“Bikexperience”: an initiative to improve bicycle mobility
Using a citizen participation mechanism they called ‘Bikexperience’, two Universidad Nacional de Colombia (UNal) School of Industrial Design alumnae implemented a new initiative to help bicycle mobility and culture and also provide proposals to improve infrastructure.Bogotá D. C., 05 de mayo de 2016 — Agencia de Noticias UN-
Taking into account that the amount of cyclists is rapidly growing, UNal alumnae Yesica Granados and Alexandra Moreno, carried out observations at the UNal-Bogotá campus to identify the main issues of bicycle transportation within the university.
They discovered that the lack of road infrastructure and citizen culture were the greatest hindrances for more than 3,200 bicycles that roam the campus.
“Bicycles numbers have increased and we still do not have the appropriate infrastructure for bicycling transit without disturbing pedestrians or automobiles. Bicycles do not have to be limited to travelling on the streets with cars because it would mean taking away their flexibility,” said Moreno.
In face of this situation the designers carried out three experiments around campus proposing the infrastructure the city is lacking.
First they marked bike lanes using recycled materials such as plastic bottles and sand. They also called on the community so they could be part of the solution.
Thanks to the preceding, cars and motorcycles began to respect bike lanes and bicycle users said this organized bicycle flow and helped them reach authorized exits.
The second action consisted of making out traffic tickets. This helped strengthen citizen culture. During this activity all actors (cyclists, pedestrians, car and motorcycle drivers) were given symbolic tickets to approve or disapprove their mobility attitude.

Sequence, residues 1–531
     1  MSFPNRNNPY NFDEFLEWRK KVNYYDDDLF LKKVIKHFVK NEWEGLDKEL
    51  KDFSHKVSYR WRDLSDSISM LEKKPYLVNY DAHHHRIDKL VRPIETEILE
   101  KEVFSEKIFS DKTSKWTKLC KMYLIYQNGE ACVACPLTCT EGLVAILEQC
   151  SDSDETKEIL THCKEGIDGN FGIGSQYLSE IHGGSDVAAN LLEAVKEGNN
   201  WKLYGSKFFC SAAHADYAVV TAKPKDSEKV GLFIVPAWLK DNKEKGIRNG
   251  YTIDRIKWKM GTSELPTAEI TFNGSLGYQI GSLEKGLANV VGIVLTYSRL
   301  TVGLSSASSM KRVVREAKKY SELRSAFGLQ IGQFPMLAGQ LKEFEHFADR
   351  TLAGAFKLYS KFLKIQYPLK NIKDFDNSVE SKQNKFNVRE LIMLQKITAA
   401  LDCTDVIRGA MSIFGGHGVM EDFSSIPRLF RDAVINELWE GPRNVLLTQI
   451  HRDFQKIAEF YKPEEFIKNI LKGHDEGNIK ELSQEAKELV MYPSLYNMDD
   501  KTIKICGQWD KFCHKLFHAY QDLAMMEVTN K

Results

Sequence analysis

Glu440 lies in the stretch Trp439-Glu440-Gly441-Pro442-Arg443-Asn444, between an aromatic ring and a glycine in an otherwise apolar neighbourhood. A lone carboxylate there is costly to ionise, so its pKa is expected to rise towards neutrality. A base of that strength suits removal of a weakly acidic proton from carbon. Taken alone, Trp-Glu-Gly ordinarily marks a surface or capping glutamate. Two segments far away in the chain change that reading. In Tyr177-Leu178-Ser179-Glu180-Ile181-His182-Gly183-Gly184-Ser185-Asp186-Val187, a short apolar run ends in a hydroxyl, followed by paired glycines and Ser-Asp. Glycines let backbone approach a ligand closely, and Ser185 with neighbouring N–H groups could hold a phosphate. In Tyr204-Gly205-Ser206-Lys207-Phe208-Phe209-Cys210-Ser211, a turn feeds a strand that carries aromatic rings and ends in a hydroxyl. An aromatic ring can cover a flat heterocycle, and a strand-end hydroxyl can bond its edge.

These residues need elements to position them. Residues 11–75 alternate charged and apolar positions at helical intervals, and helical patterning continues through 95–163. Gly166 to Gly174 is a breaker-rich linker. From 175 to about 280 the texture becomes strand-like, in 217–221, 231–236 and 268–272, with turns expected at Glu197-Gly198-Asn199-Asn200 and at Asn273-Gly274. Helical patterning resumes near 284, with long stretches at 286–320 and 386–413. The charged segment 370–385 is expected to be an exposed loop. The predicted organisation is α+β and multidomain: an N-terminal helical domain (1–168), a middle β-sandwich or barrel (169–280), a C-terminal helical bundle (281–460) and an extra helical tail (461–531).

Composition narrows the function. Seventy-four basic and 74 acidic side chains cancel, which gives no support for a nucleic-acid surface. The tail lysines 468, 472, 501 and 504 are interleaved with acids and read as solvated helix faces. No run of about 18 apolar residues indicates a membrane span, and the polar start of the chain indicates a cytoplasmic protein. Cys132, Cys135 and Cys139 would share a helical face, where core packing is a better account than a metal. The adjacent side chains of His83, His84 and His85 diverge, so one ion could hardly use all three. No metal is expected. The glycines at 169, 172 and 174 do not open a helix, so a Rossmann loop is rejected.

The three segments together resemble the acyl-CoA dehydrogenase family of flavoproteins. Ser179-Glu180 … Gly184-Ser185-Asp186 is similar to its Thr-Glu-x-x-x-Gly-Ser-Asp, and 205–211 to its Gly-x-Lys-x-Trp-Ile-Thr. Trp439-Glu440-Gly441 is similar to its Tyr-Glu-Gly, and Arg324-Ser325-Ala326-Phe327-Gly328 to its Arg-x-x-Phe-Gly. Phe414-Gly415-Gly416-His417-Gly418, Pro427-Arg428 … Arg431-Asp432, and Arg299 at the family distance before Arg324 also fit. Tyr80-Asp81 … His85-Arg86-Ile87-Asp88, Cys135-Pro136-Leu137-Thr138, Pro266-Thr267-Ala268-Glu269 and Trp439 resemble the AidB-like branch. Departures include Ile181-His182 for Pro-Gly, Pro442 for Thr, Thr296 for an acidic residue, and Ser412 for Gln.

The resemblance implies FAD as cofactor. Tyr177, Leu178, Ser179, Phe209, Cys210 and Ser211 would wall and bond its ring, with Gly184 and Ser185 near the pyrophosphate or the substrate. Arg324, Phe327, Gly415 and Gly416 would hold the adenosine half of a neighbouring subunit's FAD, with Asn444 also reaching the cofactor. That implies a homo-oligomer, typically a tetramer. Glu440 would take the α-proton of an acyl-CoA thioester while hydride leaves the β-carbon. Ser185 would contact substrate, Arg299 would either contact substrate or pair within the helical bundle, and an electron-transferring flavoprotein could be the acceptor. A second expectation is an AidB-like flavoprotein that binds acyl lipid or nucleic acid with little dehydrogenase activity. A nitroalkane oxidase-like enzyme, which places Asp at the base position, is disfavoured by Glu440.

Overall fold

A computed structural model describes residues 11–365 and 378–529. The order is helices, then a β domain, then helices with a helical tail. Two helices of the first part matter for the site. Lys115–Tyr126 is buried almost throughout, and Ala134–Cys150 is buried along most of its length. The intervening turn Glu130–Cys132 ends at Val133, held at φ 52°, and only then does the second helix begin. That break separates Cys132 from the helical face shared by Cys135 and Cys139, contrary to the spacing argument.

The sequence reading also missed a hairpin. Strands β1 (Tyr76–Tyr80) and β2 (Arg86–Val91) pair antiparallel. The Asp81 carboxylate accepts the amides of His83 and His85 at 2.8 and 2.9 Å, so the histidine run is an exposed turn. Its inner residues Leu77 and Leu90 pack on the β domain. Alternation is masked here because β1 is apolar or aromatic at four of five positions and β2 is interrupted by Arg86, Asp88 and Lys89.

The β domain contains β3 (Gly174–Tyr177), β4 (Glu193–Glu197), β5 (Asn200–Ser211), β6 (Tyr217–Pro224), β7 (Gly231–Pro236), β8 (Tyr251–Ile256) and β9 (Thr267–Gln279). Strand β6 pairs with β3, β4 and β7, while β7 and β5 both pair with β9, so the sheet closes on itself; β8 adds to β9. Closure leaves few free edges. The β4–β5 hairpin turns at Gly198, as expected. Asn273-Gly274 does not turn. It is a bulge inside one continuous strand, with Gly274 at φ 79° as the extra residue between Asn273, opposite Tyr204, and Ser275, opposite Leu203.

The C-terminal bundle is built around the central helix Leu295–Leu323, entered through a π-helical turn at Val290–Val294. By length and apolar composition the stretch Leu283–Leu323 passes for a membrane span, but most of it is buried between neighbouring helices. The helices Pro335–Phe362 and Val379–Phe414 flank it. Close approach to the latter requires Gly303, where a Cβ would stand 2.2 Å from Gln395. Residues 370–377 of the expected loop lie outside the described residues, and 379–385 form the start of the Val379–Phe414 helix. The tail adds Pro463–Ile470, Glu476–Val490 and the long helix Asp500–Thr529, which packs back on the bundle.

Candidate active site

“We discovered that the most common habit of bicycle users was being in a hurry during rush hours and this is why many of them invade pedestrian sidewalks, park in areas which interfere with pedestrian mobility and besides do not have enough bicycle parking,” said Granados.
People of the community were in charge of imposing traffic tickets. 83% were negative and rest were to reinforce good practices.
Tickets may be downloaded at www.biciexperiencia.wordpress.com/manuales/ for people interested in repeating the initiative in their communities.
Lastly they carried out a participative session they named “Sharing routes” so bicycle riders could draw the most frequent bicycle routes in a campus map and also express their input with the purpose of improving mobility.
From this activity they received more than 36 proposals and chose the best 3, which were implemented in the main university plaza. There they drew the bicycle route and installed ramps made by the students so they would not invade pedestrian walkways; furthermore they also implemented signage indicating the routes to the nearest buildings and the regulations which should be followed.
During the first day 60% of the cyclists used the route while for the second day the percentage increased to 80%.
“We created alternatives for bicycles to ride in other spaces but respecting pedestrians. These are short term solutions which may also be adopted by private or public institutions on the long run,” said Granados.
With this project, directed by UNal Head of Extension Pablo Abril, the students carried out a presentation in the World Bicycle Forum recently held in Santiago de Chile.
They were also finalists of the Youth for Public Transport International Transport Fair in the Sustainable Mobility Best Youth Idea category. They hope to replicate this initiative in several cities of Colombia and the world.
“We demonstrated that the bicycle is also an important actor which needs its own infrastructure and to respect other mobility players,” said Moreno.(Por: Fin/VC/DMH/APBL